Senior judge handed formal warning for 'liked' pro-Palestine LinkedIn post

Deputy Chief Magistrate Tan Ikram (PA)
Deputy Chief Magistrate Tan Ikram (PA)

A senior judge has been handed a formal misconduct warning for ‘liking’ a Linkedin post calling for a free Palestine, shortly before he oversaw the criminal trial of three women who displayed paraglider images at a protest.

Deputy Chief Magistrate Tan Ikram found defendants Heba Alhayek, 29, Pauline Ankunda, 26, and Noimutu Olayinka Taiwo, 27, guilty of a terror offence at a pro-Palestinian march in central London, a week after Hamas had carried out the October 7 attack in Israel.

The judge’s handling of the case came in for criticism after he handed conditional discharges to the women and commented that they had “well learned” their lesson.

His impartiality was then called into question when it emerged he had previously ‘liked’ the LinkedIn message from a barrister which read: “Free Free Palestine. To the Israeli terrorist both in the United Kingdom, the United States, and of course Israel you can run, you can bomb but you cannot hide – justice will be coming for you.”

Judge Ikram insisted he had accidentally liked the message, and issued a statement at the time saying he did not know it had happened and it was a “genuine mistake”.

But he faced a barrage of media reports about the incident, and calls for misconduct proceedings including from former Home Secretary Suella Braverman.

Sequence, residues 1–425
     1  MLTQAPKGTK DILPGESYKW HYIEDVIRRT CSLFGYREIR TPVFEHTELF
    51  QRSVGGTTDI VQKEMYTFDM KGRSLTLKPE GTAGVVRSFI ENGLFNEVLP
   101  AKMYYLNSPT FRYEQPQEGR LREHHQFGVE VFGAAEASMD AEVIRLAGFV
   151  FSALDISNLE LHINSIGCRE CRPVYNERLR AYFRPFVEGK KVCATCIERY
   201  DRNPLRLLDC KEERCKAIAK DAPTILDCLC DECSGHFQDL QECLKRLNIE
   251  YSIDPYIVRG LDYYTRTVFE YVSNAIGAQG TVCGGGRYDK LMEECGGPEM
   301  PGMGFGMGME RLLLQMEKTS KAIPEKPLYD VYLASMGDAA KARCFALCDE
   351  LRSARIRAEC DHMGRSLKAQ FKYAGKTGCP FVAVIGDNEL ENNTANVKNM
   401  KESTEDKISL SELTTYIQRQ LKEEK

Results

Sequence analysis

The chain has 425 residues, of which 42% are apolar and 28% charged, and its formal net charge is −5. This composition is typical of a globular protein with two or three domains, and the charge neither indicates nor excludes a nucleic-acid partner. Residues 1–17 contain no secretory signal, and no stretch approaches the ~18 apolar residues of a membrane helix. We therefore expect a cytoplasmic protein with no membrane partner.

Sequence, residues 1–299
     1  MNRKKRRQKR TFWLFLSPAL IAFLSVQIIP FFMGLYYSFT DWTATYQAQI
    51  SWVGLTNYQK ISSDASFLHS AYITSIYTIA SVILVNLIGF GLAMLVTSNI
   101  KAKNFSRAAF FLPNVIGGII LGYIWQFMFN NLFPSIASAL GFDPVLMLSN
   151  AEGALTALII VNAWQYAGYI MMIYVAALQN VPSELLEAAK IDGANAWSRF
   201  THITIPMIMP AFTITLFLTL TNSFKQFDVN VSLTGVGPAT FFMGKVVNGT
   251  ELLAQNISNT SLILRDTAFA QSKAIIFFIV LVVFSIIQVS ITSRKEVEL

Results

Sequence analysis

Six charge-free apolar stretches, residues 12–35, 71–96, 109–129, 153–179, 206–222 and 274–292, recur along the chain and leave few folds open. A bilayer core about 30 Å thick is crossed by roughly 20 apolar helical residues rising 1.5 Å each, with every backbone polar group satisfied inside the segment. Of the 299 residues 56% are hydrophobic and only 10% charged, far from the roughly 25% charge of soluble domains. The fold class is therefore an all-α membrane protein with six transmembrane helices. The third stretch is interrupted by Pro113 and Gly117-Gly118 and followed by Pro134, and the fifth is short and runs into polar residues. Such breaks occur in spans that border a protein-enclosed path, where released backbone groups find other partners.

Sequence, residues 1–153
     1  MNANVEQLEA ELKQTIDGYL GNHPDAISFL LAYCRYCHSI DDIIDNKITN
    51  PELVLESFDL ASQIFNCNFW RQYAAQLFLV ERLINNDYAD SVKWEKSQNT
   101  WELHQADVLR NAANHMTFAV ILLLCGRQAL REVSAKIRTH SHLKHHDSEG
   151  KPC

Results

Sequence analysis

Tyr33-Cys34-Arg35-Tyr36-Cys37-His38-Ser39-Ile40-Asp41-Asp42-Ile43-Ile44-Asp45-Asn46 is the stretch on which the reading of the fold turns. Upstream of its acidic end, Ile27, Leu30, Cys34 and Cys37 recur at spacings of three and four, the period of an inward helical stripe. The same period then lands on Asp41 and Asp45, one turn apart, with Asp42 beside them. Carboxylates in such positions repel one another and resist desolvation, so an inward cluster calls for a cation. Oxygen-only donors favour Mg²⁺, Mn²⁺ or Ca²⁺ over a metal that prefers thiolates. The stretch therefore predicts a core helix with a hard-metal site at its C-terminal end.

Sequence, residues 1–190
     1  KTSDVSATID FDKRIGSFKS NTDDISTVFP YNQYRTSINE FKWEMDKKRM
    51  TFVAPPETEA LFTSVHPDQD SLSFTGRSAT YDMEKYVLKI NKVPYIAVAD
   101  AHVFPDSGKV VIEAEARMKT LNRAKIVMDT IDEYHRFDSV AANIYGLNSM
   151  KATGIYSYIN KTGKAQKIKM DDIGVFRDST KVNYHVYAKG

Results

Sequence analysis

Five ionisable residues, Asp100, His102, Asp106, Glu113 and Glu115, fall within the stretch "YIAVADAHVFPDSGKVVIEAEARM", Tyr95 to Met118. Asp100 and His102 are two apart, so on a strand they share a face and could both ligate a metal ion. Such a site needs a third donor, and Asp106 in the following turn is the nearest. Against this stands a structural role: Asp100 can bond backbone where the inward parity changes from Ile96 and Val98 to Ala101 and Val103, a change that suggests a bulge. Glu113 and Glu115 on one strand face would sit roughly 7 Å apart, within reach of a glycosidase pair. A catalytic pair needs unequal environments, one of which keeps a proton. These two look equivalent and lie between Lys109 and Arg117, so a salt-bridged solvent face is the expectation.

On Tuesday, the Judicial Conduct Investigation Office announced that Judge Ikram has been issued with a formal warning by Lord Chancellor Alex Chalk and the Lady Chief Justice, Baroness Carr.

The judge, who sits on high profile criminal cases at Westminster magistrates court had identified himself as a judge on LinkedIn, in breach of judicial social media guidelines.

The JCIO ruling set out that Judge Ikram had “accepted that inadvertently ‘liking’ the post had raised concerns about his impartiality”, and he conceded he was not familiar with the latest rules for social media use.

“He stressed that he had not intended to ‘like’ the post, describing it as ‘repulsive’,” stated the disciplinary body.

“He stated that when he became aware of the article, he had done all he could to mitigate the impact of inadvertently ‘liking’ the post. This included contacting the Judicial Office Press Office. The judge also closed his LinkedIn account, which he had primarily used for his work as a Diversity and Community Relations judge.

“In support of his representations, Judge Ikram provided a technical report which he had commissioned. The report confirmed that he had no direct social media connection with the poster of the comment. The report also stated that it was “abundantly simple” for a LinkedIn user to inadvertently trigger a ‘like’ using their iPhone, by double-tapping an image.”

 (ES Composite)
(ES Composite)

Judge Ikram had referred himself to the JCIO in the wake of press reporting about the LinkedIn post, and the JCIO said it had received 60 complaints.

A judge who assessed his case found Judge Ikram, who was awarded a CBE in 2022 for his work on judicial diversity, had used LinkedIn to promote that work.

But she also found that the “inadvertent liking of the post had resulted in a perception of bias”, due to his high profile sitting on the pro-Palestine protester trial.

The judge found that he had “taken full responsibility and shown genuine remorse”, and recommended formal words of advice.

But the Lord Chancellor and the Lady Chief Justice decided on a tougher sanction as he had caused “significant reputational damage to the judiciary”, and to “underline their shared view on the seriousness of misuse of social media by judges”.